What's on
Promotion

Neighbours' trees – your rights

publication date: Mar 22, 2014
 | 
author/source: Dean Dunham

Dean DunhamCan I cut my neighbour's tree back?

If your neighbour’s tree hangs over into your land you should first ask them to trim back the tree. If they refuse or ignore your request, you are within your rights to trim the tree back yourself but only the parts that overhang your land and you can only trim back to the boundary line.

There is however an exception to the above which is where there is a Tree Preservation Order in place protecting the tree. If this is the case you seek permission from the local authority before taking any steps.

I live in a conservation area

Trees are thought to contribute to the character of conservation areas, so even if the tree in question isn't subject to a preservation order, if you live in one of these areas, you'll need to contact the council to give notice of proposed work. This applies to trees with a trunk diameter greater than 75mm measured 1.5m above ground level. You can't start work before a six week notice period has elapsed unless the council gives you permission to go ahead before then. Dead, dying and dangerous trees are exempt, but you'll still need to check with the council to ensure this applies to your tree. Once again, you can be prosecuted and fined if you don't follow the rules.

My neighbour’s tree is dangerous, what can I do?

In England and Wales, local authorities have powers to deal with trees on private property which are on the point of causing damage. A local authority can:

  • make the tree safe, if it is on the point of causing damage and are asked to do so by the owner of the land on which the tree stands. The local authority will recover the costs of doing this from the owner
  • make a tree safe on someone else’s land, if asked to do so by a neighbour whose property is in imminent danger from the tree and the owner of the land on which the tree stands is not known
  • serve a notice on someone who has a tree which is on the point of causing damage to the property of a neighbour and that neighbour asks the local authority to take action. The owner of the tree must comply with the notice. If they do not, the local authority will do the necessary work and recover the costs from the owner. The owner can appeal to the county court against the notice.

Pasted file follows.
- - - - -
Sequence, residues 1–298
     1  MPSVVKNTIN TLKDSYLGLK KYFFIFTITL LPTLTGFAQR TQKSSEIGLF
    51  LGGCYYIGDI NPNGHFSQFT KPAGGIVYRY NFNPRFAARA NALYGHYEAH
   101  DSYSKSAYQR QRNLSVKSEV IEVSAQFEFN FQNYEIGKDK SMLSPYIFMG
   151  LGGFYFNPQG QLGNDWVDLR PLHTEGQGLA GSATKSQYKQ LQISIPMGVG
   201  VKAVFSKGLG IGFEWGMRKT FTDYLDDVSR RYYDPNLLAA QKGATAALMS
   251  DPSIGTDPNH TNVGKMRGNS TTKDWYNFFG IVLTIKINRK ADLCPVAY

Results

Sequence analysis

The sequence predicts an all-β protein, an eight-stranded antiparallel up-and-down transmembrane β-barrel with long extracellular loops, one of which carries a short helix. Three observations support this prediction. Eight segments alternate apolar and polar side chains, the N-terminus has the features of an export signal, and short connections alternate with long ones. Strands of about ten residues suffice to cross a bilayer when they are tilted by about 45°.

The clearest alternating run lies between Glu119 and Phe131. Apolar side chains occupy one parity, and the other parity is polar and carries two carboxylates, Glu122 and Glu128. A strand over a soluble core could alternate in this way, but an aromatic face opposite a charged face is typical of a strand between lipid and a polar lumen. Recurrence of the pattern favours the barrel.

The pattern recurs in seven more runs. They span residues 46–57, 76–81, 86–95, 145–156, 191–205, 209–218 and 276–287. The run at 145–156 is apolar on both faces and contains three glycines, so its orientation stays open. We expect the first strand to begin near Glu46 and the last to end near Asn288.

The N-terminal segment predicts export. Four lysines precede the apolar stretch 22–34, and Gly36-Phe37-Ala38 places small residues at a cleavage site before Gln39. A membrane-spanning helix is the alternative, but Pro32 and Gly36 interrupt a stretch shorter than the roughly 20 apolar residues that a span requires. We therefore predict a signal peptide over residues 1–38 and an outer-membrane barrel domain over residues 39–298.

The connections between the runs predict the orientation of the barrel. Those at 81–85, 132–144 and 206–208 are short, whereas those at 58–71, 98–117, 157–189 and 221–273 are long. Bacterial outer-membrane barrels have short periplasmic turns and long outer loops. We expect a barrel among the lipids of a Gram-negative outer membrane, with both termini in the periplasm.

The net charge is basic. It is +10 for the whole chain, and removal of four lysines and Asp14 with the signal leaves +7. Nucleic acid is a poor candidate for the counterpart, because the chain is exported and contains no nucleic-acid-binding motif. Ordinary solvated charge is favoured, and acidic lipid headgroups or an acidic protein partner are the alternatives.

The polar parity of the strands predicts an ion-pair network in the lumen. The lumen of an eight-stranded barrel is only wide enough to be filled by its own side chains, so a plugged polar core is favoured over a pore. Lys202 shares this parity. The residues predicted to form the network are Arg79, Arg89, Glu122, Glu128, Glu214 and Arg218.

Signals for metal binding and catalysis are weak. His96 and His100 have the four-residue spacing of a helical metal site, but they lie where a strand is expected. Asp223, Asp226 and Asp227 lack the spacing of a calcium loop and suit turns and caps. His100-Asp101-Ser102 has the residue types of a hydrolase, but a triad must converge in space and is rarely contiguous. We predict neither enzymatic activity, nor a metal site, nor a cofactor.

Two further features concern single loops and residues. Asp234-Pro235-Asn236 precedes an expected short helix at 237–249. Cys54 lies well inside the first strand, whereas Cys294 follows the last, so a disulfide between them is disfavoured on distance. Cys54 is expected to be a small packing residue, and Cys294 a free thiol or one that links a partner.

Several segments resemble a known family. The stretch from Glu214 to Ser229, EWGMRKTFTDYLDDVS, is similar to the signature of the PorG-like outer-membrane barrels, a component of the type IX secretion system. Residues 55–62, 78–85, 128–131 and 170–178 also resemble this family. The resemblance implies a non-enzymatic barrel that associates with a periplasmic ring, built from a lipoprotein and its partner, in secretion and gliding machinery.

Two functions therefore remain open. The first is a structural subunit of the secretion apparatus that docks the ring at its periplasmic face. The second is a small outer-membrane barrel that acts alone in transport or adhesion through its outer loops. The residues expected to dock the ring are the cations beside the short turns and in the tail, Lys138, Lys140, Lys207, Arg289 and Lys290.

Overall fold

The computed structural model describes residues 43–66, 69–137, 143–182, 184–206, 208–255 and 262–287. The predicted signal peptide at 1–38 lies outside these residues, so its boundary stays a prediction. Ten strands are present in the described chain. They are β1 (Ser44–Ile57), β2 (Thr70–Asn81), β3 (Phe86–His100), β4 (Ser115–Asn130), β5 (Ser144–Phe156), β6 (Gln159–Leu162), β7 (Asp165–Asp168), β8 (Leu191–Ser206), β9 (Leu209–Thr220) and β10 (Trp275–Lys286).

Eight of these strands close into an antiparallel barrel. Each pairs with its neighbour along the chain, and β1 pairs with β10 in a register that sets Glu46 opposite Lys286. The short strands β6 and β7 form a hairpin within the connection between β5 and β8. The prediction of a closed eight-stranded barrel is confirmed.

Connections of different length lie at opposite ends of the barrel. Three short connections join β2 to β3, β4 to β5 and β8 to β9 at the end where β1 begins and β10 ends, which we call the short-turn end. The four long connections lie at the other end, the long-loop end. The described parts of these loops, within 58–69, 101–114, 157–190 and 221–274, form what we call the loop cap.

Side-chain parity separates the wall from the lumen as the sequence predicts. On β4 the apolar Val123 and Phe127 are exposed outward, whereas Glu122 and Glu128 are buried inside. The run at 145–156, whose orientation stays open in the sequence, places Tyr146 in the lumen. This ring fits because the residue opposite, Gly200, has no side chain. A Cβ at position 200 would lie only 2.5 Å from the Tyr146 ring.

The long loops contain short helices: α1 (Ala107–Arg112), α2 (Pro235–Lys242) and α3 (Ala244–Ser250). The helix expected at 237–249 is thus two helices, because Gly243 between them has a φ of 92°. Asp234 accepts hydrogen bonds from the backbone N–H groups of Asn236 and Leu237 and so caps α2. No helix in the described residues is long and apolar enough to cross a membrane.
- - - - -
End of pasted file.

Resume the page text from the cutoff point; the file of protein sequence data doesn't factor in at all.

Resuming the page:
If you want the local authority to take action, you will need to find out which department deals with dangerous trees as this varies from one local authority to another. You can then ask this department to check the condition of the tree.

It is up to the local authority to decide if the tree is on the point of causing damage. If they consider it is not on the point of causing damage, they don't have to take any action.

An overhanging tree may also be a danger. For example, most parts of a yew tree are poisonous. If any damage or injury is caused, the tree owner will be liable to pay compensation if a person affected brings a claim for damages.

My neighbour's tree is blocking out my light

There are no laws that allow a right to light per se and you will be unable to force the neighbour to do anything. But if the tree is blocking light from a window in your house or a green house, you can acquire the right to light with the help of your local authority and you should contact them first to see how helpful they might be.

If you have enjoyed a certain level of light for 20 uninterrupted years the law states that it is reasonable for you to expect the same level of light and you can go to court for relief. You should also check your deeds to see if they contain a covenant stating that your neighbour must not block your light.

If I cut my neighbour's tree can I dispose of the branches?

You are actually required by law to hand the cut branches back to your neighbor as they form part of the tree that is their property. However, unless it’s a fruit tree it is unlikely that they will want them back as they will only have to dispose of the debris. You should ask them if they do want the branches back and if they say no record it in writing before disposing of them.

For more information on this subject or any other legal or consumer matter visit Dean’s legal and consumer website.